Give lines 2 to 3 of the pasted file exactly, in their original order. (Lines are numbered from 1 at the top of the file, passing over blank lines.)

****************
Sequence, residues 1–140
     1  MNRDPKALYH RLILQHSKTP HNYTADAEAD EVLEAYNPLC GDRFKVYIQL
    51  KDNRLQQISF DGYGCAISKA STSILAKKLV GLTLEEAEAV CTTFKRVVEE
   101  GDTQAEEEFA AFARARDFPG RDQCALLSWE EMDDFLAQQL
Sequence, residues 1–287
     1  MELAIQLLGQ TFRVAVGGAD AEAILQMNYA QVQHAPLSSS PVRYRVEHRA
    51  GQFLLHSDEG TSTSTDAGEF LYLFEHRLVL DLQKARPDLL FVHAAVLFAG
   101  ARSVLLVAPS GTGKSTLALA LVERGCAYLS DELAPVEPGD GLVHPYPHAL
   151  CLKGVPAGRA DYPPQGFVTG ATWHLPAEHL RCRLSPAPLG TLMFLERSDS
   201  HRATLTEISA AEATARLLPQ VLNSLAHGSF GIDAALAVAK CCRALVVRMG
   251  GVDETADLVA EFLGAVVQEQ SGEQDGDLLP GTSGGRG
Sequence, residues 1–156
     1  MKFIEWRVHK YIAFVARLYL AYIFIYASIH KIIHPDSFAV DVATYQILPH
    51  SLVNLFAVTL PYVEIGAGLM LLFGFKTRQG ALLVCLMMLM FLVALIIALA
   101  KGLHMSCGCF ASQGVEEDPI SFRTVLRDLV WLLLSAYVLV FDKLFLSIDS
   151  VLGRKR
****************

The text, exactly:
     1  MNRDPKALYH RLILQHSKTP HNYTADAEAD EVLEAYNPLC GDRFKVYIQL
    51  KDNRLQQISF DGYGCAISKA STSILAKKLV GLTLEEAEAV CTTFKRVVEE